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Dracula 1931

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  • #16
    Freaks was refused a censors certificate here well into the sixties.
    This horror cycle persuaded the censor to bring in the H certificate,which of course lasted till the fifties when it became the X certificate.

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    • #17
      I found it very hard to watch Freaks, I didn't know whether to laugh or cry it affected me that much I had so much compassion for the real performers. It is to Brownings credit that he made such a HUMAN film that treated the performers with respect, possibly because he came from a carnival background he understood their plight. He will always have my respect for that, although I'll never watch the film again as It had such a impact.

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      • #18
        Originally posted by tv horror View Post
        I found it very hard to watch Freaks, I didn't know whether to laugh or cry it affected me that much I had so much compassion for the real performers. It is to Brownings credit that he made such a HUMAN film that treated the performers with respect, possibly because he came from a carnival background he understood their plight. He will always have my respect for that, although I'll never watch the film again as It had such a impact.
        When I first saw the film advertised in the TV schedules, I wanted to watch it really for curiosity value seeing as this film had so much controversy attached to it. I'm glad I got to see it, but if I'm honest, it's not the sort of film I could watch repeatedly, unlike some of Brownings other films. I gather there was about 20 minutes or so cut from it and those scenes are now lost, but I would have been interested to see what was removed.

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        • #19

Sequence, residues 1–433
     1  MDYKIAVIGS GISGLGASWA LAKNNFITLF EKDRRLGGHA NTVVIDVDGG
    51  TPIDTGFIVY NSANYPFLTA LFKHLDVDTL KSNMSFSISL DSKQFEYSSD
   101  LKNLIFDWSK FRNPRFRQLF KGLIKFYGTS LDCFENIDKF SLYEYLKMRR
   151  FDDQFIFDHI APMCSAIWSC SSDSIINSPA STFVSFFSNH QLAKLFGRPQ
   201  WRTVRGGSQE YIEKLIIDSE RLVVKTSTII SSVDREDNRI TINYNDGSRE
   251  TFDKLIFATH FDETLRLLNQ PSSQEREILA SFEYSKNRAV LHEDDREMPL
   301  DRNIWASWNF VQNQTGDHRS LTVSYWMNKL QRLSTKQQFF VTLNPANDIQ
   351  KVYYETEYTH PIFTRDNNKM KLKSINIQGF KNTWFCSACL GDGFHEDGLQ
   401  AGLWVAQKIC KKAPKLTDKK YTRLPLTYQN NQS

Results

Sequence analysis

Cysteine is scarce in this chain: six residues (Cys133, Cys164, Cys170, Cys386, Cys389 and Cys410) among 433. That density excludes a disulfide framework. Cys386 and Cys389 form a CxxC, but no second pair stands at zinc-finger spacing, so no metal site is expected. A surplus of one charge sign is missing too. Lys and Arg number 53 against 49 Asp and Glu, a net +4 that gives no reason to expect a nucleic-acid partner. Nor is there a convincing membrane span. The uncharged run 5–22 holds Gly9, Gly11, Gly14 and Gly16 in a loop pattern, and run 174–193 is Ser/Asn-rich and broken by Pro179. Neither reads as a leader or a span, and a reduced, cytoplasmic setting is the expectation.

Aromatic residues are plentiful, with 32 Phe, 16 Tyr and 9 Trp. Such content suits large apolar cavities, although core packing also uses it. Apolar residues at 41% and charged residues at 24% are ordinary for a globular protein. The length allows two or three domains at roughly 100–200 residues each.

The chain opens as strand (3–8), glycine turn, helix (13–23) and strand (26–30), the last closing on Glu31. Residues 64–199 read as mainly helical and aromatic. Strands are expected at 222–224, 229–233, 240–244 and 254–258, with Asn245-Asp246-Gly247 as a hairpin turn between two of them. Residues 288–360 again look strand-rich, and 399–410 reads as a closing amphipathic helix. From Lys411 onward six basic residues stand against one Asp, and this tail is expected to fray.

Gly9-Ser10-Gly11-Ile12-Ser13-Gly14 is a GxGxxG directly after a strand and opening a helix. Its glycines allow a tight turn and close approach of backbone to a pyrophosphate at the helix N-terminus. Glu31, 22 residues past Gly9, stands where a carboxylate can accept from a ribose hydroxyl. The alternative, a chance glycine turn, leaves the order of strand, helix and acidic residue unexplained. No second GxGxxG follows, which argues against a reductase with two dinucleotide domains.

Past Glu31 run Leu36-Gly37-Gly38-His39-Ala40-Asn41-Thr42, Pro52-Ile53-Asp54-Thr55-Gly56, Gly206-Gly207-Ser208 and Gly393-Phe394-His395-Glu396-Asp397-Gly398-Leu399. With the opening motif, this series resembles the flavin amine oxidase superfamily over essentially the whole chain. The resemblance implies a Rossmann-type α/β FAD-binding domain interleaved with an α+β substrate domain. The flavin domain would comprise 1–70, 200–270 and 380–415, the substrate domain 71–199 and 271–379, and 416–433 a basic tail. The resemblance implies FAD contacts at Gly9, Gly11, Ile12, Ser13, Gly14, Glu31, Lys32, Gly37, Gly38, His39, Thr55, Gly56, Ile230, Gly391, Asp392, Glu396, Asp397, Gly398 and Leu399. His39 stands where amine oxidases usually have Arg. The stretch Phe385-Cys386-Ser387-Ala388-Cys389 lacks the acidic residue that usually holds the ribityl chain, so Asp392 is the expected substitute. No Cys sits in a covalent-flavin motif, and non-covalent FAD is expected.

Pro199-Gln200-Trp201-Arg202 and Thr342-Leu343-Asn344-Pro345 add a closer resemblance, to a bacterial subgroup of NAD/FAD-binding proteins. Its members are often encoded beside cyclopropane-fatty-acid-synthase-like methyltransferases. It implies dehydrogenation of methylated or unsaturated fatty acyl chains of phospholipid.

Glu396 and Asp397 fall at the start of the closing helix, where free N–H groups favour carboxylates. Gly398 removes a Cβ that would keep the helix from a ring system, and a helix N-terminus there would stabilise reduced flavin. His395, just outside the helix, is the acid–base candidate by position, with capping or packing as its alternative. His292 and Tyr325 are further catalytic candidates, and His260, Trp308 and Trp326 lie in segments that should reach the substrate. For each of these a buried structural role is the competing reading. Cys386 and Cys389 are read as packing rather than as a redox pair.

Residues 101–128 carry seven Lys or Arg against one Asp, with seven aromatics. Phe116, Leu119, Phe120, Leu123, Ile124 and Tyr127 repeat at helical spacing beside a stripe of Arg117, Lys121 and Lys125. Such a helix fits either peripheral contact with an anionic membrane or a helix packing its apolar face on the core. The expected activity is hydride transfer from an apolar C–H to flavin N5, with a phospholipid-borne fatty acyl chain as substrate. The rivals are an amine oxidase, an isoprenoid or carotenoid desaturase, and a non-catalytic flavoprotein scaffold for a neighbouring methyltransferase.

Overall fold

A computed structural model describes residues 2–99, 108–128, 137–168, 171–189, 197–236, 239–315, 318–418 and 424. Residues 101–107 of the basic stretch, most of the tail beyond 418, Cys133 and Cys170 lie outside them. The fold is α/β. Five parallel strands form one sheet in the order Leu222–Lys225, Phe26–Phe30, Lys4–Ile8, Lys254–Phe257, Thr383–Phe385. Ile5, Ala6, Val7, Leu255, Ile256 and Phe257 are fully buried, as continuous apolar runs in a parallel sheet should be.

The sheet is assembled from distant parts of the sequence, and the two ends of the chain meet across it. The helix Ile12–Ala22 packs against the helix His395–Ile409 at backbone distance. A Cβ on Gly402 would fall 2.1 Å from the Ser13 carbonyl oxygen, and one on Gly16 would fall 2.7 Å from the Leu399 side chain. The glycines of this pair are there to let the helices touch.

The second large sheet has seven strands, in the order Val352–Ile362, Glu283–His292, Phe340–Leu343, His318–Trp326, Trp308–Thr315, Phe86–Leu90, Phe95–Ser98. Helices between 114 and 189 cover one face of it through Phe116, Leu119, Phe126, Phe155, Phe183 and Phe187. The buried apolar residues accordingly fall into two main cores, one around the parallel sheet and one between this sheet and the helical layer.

Originally posted by Carl V View Post

          …...Particularly after eating a nice thick juicy steak.

          As for Tod Browning, I think it was his film Freaks (1932) which practically finished off his movie career, as the film proved to be highly controversial. I remember catching this film late one night on the TCM channel, although I suspect it may have been an edited version as I imagine the film would have received extensive cuts prior to being released.
          Very hard to watch but it did star Wallace Ford who was originally Sam Jones from Bolton, Lancs!

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          • #20
            Originally posted by Carl V View Post

            …...Particularly after eating a nice thick juicy steak.

            As for Tod Browning, I think it was his film Freaks (1932) which practically finished off his movie career, as the film proved to be highly controversial. I remember catching this film late one night on the TCM channel, although I suspect it may have been an edited version as I imagine the film would have received extensive cuts prior to being released.
            Indeed. MGM disowned the film and it was sold to exploitation film distributor Dwain Esper who edited the film and rereleased it for a decade under different titles.

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            • #21
              Originally posted by Ian Fryer View Post

              I'm not sure about that explanation - Browning was by this point an experienced screen director and his previous, silent works had plenty of camera movement.

              Other explanations which, to me, stack up rather better are that Browning's Dracula was a very early sound production and the director was hamstrung by restrictions imposed by the technology, the noisy camera being encased in a glass booth to stop the row of its workings being picked up by the microphones. Also, Universal lost confidence in the project and cut the budget to the bone.